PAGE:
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8

In Tennessee 'the sale of land by a trustee under authority of a trust deed is within the purview of the Statute of Frauds.' Fortner v. Wilkinson,210 Tenn. 201, 357 S.W.2d 63, 64 (1962).

9

In his argument to this Court Appellant failed to specifically address himself to applicable Tennessee case law, although he did contend that Tennessee cases were 'confused.' In the District Court Appellant argued that his complaint in this action was a memorandum sufficient to take the parol contract for the sale of the property in question out of the Tennessee Statute of Frauds. The Tennessee Supreme Court in Lambert v. Home Federal Savings and Loan Association, 481 S.W.2d 770, 773 (1972), recounted the Tennessee rule as to what constitutes a sufficient memorandum for such purposes:

10

The general rule is that the memorandum in order to satisfy the statute, must contain the essential terms of the contract, expressed with such certainty that they may be understood from the memorandum itself or some other writing to which it refers or with which it is connected, without resorting to parol evidence. A memorandum disclosing merely that a contract had been made, without showing what the contract is, is not sufficient to satisfy the requirement of the Statute of Frauds that there be a memorandum in writing of the contract.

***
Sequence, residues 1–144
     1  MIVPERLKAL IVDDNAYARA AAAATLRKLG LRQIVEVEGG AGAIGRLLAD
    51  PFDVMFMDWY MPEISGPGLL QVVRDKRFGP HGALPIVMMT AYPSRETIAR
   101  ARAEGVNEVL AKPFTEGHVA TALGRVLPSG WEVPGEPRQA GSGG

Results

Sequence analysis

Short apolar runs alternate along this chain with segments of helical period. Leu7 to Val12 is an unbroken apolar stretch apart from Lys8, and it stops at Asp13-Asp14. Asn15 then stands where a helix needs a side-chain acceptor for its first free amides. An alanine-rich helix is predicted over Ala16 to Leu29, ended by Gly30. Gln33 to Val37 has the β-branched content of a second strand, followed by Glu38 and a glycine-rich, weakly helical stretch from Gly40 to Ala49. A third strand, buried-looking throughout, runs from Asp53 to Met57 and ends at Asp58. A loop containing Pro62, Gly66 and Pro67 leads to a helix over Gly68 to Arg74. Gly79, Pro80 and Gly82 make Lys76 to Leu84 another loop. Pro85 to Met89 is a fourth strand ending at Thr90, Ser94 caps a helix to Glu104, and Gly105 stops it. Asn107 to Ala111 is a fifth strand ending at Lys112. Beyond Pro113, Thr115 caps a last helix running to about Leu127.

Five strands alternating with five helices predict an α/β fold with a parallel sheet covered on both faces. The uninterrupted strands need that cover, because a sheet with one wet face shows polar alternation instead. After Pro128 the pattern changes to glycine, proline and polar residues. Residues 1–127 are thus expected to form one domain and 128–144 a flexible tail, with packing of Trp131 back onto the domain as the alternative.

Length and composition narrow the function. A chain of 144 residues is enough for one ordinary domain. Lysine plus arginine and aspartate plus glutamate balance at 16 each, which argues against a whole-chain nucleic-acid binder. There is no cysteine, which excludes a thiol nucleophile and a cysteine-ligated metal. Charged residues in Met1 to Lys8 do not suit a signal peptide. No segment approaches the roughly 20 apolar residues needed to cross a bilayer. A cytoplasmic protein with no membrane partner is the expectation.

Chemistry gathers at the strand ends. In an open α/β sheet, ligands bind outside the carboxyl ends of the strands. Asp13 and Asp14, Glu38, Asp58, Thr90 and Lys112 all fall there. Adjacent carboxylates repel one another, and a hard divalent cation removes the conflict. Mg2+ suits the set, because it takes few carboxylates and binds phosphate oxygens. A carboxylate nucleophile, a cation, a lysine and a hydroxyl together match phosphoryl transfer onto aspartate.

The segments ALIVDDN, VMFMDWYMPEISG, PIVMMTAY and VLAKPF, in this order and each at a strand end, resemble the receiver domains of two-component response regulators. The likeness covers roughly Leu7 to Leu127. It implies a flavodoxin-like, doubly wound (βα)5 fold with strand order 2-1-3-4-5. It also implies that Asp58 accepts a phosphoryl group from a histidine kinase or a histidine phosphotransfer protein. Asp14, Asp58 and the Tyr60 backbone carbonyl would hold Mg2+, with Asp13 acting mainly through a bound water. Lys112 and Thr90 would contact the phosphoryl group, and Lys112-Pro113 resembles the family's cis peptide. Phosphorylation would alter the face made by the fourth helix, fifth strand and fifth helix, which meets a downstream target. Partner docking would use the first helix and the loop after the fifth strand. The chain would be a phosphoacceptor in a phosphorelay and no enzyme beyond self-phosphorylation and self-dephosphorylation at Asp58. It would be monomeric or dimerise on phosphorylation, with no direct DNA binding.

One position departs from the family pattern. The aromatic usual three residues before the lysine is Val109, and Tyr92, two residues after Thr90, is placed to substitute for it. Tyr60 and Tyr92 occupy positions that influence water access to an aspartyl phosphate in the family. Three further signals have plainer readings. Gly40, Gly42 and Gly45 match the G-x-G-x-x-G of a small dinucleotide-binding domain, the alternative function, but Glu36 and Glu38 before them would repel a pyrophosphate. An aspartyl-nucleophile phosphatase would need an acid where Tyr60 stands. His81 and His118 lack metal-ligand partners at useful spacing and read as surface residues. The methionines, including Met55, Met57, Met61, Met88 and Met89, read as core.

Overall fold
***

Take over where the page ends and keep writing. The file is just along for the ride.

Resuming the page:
11

The written memorandum, even if it fulfills the requirements as stated in Lambert, must be signed after the parol agreement and before suit is brought to enforce that agreement. Hudson v. King, 49 Tenn. 560 (1870); Price v. Tenn. Products & Chemical Corp., 53 Tenn.App. 624, 385 S.W.2d 301, reh. denied, cert. denied (1964).